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About 400 people, some carrying signs, gathered in steady rain at the Dunedin campus to show their opposition to proposed staff cuts in the anthropology and archaeology, English and linguistics, history, languages and cultures, and music departments.
Earlier this month, University of Otago humanities division pro-vice-chancellor Prof Tony Ballantyne told staff in the departments a redundancy process would begin ''in the coming weeks''.
The cuts were necessary because of a steady decline in the division's roll since 2010.
University of Otago staff and students, from within and outside the humanities division, spoke at the Tertiary Education Union (TEU) protest.
Otago University Students Association (OUSA) vice-president Jarred Griffiths said the association opposed the cuts.
''OUSA has a proud history of opposing terrible policies by the university and the Government.''
Pointing to nearby construction work, Mr Griffiths challenged the crowd to consider where the institution's priorities lay.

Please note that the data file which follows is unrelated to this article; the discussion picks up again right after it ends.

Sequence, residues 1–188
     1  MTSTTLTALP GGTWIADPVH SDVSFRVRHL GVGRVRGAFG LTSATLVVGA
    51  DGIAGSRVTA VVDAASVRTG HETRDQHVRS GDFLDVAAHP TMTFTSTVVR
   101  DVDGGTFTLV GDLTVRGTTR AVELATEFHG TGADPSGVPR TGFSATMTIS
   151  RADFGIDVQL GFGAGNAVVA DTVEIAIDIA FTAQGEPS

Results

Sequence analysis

''Do they stand with supporting and adequately funding a department that would serve the interests as the critic and conscience of society for the future of all of us, or for the beauty of our campus?
''It's not a priority.''
He was disappointed there was no representative from the university at the protest.
Tertiary Education Union national president Sandra Grey said threats to humanities were the result of government underfunding.
''This is not just about your boss, this is not just about your vice-chancellor, this is about Steven Joyce and the National Party.''
Protesters signed a petition opposing the cuts and cheered when Dr Grey said the union would take further action.
Prof Ballantyne said no university representative attended the protest because ''no official representation was sought or expected''.
Prof Ballantyne said discussions he had with OUSA president Laura Harris about the proposed cuts had been ''positive''.
''The vast majority of students I have spoken to understand that we are adjusting to shifting enrolment patterns.
''Even with these changes we will be offering over 120 first-year papers in the Division of Humanities next year.''
Cuts were likely to take effect by November, Prof Ballantyne said.